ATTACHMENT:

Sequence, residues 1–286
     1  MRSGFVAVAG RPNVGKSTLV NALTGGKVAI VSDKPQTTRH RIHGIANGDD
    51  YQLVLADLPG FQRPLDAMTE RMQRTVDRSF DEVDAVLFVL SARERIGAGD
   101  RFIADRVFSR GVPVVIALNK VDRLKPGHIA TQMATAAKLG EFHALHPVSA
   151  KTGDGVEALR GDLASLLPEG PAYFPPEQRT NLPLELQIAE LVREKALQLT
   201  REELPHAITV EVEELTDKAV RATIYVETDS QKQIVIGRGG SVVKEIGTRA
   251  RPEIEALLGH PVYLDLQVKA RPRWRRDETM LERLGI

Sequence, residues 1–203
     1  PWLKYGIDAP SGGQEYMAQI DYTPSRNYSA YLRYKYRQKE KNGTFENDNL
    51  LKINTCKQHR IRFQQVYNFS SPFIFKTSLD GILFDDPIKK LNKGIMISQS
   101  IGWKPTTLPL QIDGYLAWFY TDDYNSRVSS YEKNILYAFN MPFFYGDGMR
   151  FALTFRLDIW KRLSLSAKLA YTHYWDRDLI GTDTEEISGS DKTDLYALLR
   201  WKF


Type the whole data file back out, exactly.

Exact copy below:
Sequence, residues 1–286
     1  MRSGFVAVAG RPNVGKSTLV NALTGGKVAI VSDKPQTTRH RIHGIANGDD
    51  YQLVLADLPG FQRPLDAMTE RMQRTVDRSF DEVDAVLFVL SARERIGAGD
   101  RFIADRVFSR GVPVVIALNK VDRLKPGHIA TQMATAAKLG EFHALHPVSA
   151  KTGDGVEALR GDLASLLPEG PAYFPPEQRT NLPLELQIAE LVREKALQLT
   201  REELPHAITV EVEELTDKAV RATIYVETDS QKQIVIGRGG SVVKEIGTRA
   251  RPEIEALLGH PVYLDLQVKA RPRWRRDETM LERLGI

Sequence, residues 1–203
     1  PWLKYGIDAP SGGQEYMAQI DYTPSRNYSA YLRYKYRQKE KNGTFENDNL
    51  LKINTCKQHR IRFQQVYNFS SPFIFKTSLD GILFDDPIKK LNKGIMISQS
   101  IGWKPTTLPL QIDGYLAWFY TDDYNSRVSS YEKNILYAFN MPFFYGDGMR
   151  FALTFRLDIW KRLSLSAKLA YTHYWDRDLI GTDTEEISGS DKTDLYALLR
   201  WKF